Written to our Blog email from a anonymous survivor.
Here is my testimony:
I am telling this story anonymously because I don’t really want anyone to know my identity. I still feel a great deal of shame, even though I should not be ashamed. But, I feel it is important to let everyone know just how tough it can be for anyone to recover from.
Around 9 years ago, I was sexually assaulted twice on two different occasions by another man. I stored any recollection of it away for over 8 years before I finally realized what actually happened to me. I realized it when we were all in XXXX Hall for the SAPR training. We were watching the video about how it can happen to anyone, and that’s when I realized it.
However, when I realized it, it felt like it just happened to me.
Initially, I felt lost. I was confused as to why I buried it for so many years, and why I never thought it really happened. In my mind, I denied that it happened, but somehow I knew it was there and I never wanted to think about it. I was so confused as to why I let it happen to me twice on two occasions by the same man, and why I never treated it as something that was a big deal.
The next few months after realizing that I was sexually assaulted, I struggled with anxiety nearly every day. At one point, I was given a strong prescription to help me deal with it. I also had a very hard time concentrating at work. I was not able to get much work done while I was at work and I struggled to act as if I was ok. None of my co-workers or leadership knew about my sexual assault, which only made coming to work more difficult. I can remember one time while I was at work, I needed to complete a very simple task that I have done several times before, but for some reason I was so confused about how to do it, that I had to leave my desk before I became emotional.
I also struggled to sleep at night. I was finding myself loading up on caffeine and energy drinks to make it through the day.
There were times where I felt so violated by what he did to me that I felt dirty and violated, but I could not just take a shower to feel better. It was an overwhelming feeling and probably the hardest thing I have ever had to overcome.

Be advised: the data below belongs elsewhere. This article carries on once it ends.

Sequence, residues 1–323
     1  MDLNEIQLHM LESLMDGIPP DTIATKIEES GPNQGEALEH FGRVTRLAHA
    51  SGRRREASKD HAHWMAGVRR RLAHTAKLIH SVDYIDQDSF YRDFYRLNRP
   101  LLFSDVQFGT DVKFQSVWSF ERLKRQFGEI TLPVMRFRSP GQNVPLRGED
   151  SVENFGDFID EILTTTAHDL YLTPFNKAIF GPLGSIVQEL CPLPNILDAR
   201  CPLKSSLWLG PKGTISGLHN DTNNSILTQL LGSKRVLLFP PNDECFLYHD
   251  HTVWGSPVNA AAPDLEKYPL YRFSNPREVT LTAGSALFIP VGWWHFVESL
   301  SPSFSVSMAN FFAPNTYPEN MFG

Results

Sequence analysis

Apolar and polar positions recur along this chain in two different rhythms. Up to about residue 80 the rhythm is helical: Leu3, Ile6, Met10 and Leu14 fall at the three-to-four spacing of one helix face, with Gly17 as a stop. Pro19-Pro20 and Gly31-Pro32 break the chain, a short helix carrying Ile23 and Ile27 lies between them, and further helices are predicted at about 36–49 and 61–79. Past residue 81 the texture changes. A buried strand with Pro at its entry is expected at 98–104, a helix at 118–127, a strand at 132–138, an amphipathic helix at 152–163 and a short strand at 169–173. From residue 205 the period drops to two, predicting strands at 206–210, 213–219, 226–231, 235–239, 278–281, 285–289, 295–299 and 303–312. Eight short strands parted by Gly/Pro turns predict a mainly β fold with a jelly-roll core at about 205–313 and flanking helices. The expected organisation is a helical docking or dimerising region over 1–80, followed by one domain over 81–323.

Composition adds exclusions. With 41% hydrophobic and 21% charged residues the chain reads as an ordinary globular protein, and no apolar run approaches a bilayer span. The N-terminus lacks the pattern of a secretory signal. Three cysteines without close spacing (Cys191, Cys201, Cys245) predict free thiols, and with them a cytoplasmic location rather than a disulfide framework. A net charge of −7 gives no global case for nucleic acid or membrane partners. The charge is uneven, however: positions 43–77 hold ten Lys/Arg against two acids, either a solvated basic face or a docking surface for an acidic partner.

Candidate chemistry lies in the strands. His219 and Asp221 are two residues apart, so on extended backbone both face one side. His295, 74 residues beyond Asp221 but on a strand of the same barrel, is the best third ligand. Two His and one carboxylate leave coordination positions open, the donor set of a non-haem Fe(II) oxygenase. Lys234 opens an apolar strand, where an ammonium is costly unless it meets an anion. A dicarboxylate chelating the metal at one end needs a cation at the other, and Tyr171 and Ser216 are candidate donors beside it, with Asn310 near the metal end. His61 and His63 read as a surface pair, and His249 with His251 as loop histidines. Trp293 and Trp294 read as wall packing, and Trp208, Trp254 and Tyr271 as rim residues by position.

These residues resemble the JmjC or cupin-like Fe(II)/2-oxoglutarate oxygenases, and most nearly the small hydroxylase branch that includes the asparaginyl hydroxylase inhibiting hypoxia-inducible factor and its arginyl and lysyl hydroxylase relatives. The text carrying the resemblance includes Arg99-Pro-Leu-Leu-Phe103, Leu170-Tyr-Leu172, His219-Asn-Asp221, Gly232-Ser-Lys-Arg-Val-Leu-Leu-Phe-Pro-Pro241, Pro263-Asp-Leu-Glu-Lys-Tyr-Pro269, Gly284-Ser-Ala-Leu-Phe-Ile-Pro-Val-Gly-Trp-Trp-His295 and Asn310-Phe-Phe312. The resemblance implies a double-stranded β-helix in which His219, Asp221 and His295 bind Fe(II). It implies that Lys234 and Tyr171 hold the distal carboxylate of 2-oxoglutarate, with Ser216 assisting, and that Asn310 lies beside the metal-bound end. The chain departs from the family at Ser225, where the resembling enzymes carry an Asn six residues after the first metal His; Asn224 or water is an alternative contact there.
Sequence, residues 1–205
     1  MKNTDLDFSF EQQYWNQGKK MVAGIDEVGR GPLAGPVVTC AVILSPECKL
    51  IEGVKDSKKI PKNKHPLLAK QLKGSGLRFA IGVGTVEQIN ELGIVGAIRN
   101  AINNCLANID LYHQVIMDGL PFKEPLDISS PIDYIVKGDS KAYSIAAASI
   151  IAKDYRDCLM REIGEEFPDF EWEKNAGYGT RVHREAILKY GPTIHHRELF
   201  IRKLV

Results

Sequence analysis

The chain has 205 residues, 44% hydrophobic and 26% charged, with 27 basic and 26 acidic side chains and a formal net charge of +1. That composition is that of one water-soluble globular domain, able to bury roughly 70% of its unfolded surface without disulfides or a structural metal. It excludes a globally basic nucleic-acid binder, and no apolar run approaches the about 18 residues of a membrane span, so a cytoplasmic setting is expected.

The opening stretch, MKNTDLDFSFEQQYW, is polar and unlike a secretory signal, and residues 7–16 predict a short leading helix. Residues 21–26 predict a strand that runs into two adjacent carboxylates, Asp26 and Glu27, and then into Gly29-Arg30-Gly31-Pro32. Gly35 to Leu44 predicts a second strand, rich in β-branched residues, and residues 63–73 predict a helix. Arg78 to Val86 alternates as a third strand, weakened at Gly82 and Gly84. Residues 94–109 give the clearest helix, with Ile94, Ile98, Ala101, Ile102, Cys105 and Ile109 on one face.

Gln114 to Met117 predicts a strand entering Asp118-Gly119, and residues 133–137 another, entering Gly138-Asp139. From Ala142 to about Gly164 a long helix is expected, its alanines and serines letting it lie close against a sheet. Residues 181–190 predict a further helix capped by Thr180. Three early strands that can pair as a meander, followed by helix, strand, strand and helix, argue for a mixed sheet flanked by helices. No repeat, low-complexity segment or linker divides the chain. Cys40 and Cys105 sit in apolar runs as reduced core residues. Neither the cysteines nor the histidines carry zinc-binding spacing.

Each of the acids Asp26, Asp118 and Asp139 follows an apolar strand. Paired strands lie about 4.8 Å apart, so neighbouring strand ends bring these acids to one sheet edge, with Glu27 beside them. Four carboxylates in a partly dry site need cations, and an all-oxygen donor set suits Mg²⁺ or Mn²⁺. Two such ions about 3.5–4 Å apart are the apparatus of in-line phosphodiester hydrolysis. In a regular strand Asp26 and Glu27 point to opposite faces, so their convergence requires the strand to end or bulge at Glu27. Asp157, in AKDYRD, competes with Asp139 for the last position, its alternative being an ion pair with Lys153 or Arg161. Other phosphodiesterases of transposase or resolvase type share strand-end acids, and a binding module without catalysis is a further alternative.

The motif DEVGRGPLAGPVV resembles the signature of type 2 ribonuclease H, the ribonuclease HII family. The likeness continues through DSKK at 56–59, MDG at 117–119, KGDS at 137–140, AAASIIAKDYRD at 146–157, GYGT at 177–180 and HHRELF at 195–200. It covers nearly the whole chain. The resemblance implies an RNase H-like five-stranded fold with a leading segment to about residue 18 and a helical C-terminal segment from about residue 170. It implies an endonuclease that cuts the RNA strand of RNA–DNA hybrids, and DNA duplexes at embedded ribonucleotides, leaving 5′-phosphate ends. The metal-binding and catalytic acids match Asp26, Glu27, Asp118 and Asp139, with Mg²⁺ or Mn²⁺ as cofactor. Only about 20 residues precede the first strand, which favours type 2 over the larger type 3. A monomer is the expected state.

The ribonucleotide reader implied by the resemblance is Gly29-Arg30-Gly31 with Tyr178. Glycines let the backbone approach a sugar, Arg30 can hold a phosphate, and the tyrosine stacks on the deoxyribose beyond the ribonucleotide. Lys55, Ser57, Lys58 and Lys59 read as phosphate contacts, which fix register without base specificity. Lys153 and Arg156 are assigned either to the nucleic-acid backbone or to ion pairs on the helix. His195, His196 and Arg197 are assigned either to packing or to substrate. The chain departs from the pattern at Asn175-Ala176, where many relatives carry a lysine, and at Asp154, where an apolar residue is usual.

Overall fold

I had very little confidence. Normally, I had no problems giving briefings to whoever needed one, but I told a co-worker that I would not give a commander’s brief.
My family relationships were suffering as well. At many times, I felt very distant from my wife. I was very irritable with my kids. Also, because I couldn’t sleep, I also had no energy to take care of my kids.
I don’t know what I would have done if I didn’t have the support from two Victim Advocates here in the XXth. Whenever I needed someone to talk to, and many times complain to, or whenever I just needed help, they were always in touch with me. They even set up counseling off-base for me. For the two VAs, thank you.
I am not sure if this story will ever prevent any future sexual assaults. But, I do hope that if there is someone dealing with it, that they will take comfort in knowing that it will pass. The counseling I am receiving has really helped me. My counselor does a great job in reassuring me and helping me overcome these difficulties. Some counseling sessions were tougher than others, but I have been getting better every day.
I am so very thankful for the care that the Air Force has provided me, and now I truly understand what a great Air Force family is.